Readers’ wildlife photos

February 3, 2021 • 8:00 am

Thanks to several readers who sent me photos, but I’m still in need of more. If you have good wildlife photos, please round up a few and send them on to me.

John Avise contributes one of his “themed” bird posts today. His captions are indented, and click on the photos to enlarge them.

Heron Heads

Herons, egrets, and bitterns (family Ardeidae) are graceful, stately birds with long necks (sometimes folded back onto the body), long legs, and straight spear-like bills that they use to catch fish, frogs, and other prey items, often while wading in shallow waters.  Because they may stand nearly motionless while waiting for their quarry to come within reach, it’s sometimes possible to get close-up views of their impressive heads and bills.  Here are some head portraits of ardeids that I’ve taken over the years in California and Florida.

Black-crowned Night Heron adult, Nycticorax nycticorax:

Another Black-crowned Night Heron:

Black-crowned Night Heron juvenile:

Great Blue Heron, Ardea herodias:

Another Great Blue Heron:

Yet another Great Blue Heron:

Green Heron, Butorides virescens:

Tricolored Heron, Egretta tricolor:

Another Tricolored Heron:

Little Blue Heron adult, Egretta caerulea:

Little Blue Heron juvenile:

Reddish Egret, Egretta rufescens:

Great Egret, Ardea alba:

Another Great Egret:

Snowy Egret, Egretta thula:

Another Snowy Egret:

Yet another Snowy Egret:

Cattle Egret, Bubulcus ibis:

American Bittern, Botaurus lentiginosus:

18 thoughts on “Readers’ wildlife photos

  1. “If you have good wildlife photos, please round up a few and send them on to me.” he says without leaving a clear email address anywhere at all…

    1. You know, you could have been more polite about your comment. I am not “he”. Virtually every reader here knows, because I say it periodically, that my email address can be found by clicking “research interests” at the upper right of the screen. That’s where pictures go.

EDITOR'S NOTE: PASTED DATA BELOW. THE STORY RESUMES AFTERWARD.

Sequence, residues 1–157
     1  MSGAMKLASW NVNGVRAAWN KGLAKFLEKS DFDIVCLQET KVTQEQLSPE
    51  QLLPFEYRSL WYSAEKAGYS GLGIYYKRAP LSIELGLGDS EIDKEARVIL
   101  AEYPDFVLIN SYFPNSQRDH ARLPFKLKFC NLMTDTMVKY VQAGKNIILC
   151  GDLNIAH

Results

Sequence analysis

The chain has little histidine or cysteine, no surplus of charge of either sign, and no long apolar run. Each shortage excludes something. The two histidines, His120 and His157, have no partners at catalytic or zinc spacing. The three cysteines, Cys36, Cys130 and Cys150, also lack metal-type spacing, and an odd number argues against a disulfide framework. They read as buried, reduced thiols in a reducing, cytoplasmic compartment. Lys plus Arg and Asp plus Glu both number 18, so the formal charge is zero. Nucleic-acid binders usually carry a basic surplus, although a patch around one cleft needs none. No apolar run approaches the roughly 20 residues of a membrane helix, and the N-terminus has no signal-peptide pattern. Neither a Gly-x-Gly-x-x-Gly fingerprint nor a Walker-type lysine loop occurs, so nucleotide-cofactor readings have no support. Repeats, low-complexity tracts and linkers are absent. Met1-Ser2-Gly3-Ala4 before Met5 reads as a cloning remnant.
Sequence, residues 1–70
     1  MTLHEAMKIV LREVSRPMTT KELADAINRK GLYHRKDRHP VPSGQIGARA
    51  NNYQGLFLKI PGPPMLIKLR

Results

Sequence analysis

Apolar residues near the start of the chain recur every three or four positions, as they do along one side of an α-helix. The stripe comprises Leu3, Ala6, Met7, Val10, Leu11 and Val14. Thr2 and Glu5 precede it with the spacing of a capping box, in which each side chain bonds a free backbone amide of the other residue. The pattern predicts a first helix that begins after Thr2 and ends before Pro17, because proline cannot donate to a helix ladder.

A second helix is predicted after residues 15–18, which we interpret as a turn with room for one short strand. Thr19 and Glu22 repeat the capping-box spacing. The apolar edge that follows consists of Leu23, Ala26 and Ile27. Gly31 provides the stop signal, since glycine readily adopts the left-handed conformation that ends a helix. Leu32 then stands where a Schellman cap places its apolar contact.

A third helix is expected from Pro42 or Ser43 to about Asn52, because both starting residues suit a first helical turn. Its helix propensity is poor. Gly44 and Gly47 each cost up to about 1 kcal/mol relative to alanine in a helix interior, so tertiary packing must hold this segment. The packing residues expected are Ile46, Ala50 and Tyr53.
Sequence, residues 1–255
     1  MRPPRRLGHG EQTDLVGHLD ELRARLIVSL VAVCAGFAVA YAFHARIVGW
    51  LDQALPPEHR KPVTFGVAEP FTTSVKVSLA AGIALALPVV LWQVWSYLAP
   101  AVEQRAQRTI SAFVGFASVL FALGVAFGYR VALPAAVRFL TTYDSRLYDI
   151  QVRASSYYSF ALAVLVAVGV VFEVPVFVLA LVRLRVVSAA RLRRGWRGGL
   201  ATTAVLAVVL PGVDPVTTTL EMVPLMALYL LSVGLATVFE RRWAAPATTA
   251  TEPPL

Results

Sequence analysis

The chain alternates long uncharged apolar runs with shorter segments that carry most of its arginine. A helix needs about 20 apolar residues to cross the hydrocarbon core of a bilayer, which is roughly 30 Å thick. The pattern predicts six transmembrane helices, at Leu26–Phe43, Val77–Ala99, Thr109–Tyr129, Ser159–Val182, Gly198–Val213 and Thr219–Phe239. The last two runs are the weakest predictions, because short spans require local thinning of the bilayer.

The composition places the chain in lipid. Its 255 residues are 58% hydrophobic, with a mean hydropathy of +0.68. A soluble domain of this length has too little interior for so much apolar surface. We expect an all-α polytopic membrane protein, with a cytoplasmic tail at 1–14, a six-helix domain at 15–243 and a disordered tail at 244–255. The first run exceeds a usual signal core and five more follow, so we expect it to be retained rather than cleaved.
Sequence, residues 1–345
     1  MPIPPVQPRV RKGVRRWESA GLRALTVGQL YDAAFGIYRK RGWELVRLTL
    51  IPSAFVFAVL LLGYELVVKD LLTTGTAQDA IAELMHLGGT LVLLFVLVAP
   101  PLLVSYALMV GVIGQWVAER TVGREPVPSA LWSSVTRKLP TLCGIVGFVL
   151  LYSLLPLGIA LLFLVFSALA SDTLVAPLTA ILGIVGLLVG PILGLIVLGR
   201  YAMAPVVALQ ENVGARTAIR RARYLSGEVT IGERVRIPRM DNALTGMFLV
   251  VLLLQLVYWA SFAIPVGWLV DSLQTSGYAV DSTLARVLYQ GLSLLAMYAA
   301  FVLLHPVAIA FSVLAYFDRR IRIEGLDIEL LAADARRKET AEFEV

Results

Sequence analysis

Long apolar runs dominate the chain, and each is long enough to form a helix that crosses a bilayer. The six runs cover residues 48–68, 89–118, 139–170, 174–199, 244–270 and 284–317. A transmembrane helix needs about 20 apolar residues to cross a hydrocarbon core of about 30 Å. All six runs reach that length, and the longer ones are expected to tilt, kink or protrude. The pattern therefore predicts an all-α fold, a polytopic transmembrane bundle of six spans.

It’s not good policy to put an email address in a post, as it can be trawled and used for nefarious purposes. Get it?

    2. Bruno: You might also want to read the “Da Roolz, (Commenting Guidelines)” on the left hand on the screen, and scroll down.

  2. Love the close-ups of the herons and egrets. We can see almost all of them here on the Gulf Coast.

    1. You shouldn’t have any egrets about not knowing the relations, nor should you be bittern about it.
      Sorry, couldn’t help myself.

  3. I had a weird encounter with a cattle egret on Maui last year. I was walking along some paths that were bordered with shrubbery when the egret started closely following me. It kept following me, periodically diving into the shrubbery to catch and eat a gecko. I made several turns to make sure it was actually following me. It was. After about half a mile and ten geckos, we parted ways. I keep wondering why the egret did this. The best I can come up with is that somehow I was spooking the geckos in the shrubbery alerting the egret to their presence.

  4. Lovely photos. It is true that many heron species typically stand and wait for fish or other prey to swim into range but this is by no means the only hunting method used. Some species tend to be very active – reddish egrets for example could be described as hyper active. Snowy egrets and Little Egrets (very similar species from different sides of the Atlantic) also tend to be quite active hunters though they also adopt sit and wait tactics depending on the habitat and the prey they are feeding on.

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